I've been trying to get a hook on mediocre tennis player Anne Kournikova ever since Frank Deford's smarmy cover piece in Sports Illustrated in June. "Anna is that kind of gorgeous," gushed Deford, "and Anna knows it." Well, maybe yes and maybe no. Maybe she just got too used to reading puff profiles like Deford's.
Myself, I just don't get it with Anna on or off the court; I could flip through a selection of TV game-show hostesses and find someone more worthy of my attention. Deford shares Anna's view of herself that people only think she's beautiful because she's such a renowned tennis player: "If Catherine Zeta-Jones were still a shop girl in Wales, how many people would look at her in quite the same way as they do now that she is a movie star?" Uh, Frank, if people who saw her as a shop girl in Wales saw her that way, she wouldn't have gotten out of the shop and become a movie star. What's your point?
But I digress. I just wanted to say that Allen St. John crystallized my point of view last week in the Village Voice. Writing about the Chase championship, he said: "Anyone who suggested that the Garden would host her coming out party didn't seem to understand that Anna is to tennis what Britney Spears is to music." Damn, wish I'd said that.
By the way, this is the woman who saw Elizabeth Hurley at Wimbledon and thought she was "ugly." Maybe Anna's problem is poor eyesight?
Last week I wrote about the increasing pressure Venus and Serena Williams and their father, Richard, are putting on the World Tennis Association for appearance fees. Can't you just imagine how loud Mr. Williams would scream racism if the WTA actually started paying such fees and Anna, perhaps the world's 23rd best female tennis player, got more money than his daughters?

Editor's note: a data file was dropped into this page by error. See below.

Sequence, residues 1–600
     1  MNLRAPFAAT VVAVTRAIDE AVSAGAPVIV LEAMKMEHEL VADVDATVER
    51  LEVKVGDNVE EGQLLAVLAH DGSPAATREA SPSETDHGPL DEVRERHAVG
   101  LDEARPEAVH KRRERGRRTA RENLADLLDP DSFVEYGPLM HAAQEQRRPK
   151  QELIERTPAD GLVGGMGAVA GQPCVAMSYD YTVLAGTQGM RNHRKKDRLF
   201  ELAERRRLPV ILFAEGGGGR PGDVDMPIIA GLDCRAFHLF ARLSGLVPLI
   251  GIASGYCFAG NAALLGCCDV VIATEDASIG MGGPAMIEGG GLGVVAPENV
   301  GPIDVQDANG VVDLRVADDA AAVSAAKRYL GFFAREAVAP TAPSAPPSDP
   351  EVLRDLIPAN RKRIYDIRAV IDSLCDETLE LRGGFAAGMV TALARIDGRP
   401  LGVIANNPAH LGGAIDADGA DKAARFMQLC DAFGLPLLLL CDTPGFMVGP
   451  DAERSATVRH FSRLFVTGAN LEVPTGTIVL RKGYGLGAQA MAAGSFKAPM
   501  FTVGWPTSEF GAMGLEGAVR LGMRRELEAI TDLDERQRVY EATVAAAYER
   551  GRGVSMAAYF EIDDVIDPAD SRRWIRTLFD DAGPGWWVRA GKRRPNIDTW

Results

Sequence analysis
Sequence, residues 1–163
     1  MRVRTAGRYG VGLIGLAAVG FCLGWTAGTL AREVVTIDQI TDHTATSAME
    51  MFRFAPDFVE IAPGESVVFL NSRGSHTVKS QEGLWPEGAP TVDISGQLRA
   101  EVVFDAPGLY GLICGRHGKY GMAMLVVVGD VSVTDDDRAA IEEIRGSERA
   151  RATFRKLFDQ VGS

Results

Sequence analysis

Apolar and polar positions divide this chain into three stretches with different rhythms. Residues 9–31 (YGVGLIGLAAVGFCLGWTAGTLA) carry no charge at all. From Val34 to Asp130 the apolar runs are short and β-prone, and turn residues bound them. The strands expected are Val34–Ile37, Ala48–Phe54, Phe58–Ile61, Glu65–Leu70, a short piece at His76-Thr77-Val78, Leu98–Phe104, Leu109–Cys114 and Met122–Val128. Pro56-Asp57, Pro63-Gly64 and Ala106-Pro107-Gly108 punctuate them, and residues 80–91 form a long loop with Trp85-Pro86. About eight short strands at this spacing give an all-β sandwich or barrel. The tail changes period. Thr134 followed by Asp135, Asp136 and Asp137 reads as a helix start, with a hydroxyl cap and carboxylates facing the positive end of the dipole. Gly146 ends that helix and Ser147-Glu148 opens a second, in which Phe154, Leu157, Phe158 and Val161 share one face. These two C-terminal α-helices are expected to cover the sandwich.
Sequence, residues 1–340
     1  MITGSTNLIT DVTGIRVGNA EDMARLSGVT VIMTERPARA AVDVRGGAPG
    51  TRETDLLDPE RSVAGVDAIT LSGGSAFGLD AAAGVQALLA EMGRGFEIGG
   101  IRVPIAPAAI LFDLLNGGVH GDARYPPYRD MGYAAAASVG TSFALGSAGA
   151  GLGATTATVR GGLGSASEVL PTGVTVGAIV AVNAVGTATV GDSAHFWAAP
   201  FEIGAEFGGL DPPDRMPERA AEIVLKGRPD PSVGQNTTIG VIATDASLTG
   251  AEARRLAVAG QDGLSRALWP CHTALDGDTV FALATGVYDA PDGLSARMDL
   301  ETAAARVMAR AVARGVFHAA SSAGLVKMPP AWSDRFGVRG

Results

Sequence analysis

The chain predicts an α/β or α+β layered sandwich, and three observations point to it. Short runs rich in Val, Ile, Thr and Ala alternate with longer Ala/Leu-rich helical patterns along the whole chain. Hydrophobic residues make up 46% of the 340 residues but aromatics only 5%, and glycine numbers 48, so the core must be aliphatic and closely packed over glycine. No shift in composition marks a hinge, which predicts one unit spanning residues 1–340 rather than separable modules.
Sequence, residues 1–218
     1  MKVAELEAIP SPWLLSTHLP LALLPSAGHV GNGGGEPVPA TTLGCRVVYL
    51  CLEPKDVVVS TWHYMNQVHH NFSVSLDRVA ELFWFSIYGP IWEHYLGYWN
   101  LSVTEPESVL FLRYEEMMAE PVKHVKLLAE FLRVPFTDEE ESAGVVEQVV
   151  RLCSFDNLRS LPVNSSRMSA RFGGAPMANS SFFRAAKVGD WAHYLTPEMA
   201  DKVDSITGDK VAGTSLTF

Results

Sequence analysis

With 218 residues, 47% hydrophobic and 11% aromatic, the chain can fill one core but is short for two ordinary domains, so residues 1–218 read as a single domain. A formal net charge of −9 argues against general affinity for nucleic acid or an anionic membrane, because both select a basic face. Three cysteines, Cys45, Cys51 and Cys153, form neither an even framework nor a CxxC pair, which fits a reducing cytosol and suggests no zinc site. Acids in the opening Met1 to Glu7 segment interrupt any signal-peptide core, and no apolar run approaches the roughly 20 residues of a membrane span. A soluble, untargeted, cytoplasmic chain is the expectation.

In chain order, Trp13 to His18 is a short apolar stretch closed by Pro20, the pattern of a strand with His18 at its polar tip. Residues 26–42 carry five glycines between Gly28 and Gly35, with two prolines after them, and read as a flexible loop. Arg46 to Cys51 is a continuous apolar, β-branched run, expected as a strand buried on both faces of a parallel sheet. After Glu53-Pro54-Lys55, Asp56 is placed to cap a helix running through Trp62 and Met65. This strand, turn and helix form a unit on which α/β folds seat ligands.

What is Anna going to be doing two years from now? My bets: the autograph circuit and a syndicated talk show, "Anna's Maniacs."
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McEnroe go home
Regarding John McEnroe's resignation last week as Davis Cup captain, I have to say ... Well, actually, I don't have anything to say. I don't give a damn about the Davis Cup; it can fade away and be replaced by monster truck racing for all I care, and everyone else in the world -- including the top tennis players, to judge by their attendance -- feels the same way.
What I want to say something about is the plethora of "John fought the good fight" and "McEnroe's heart was in the right place" editorials. If McEnroe's motive behind bullying every major U.S. tennis player into feeling guilty about not playing on the Davis Cup team represented anything besides ego and a stage for him to constantly display his own childish temper, it wasn't in evidence. Publicly questioning Pete Sampras' integrity -- hey, there's a terrific way to put the press on your side. Whoever thought McEnroe would succeed in that position is the kind of person who would ask Bob Knight to coach the Olympic team.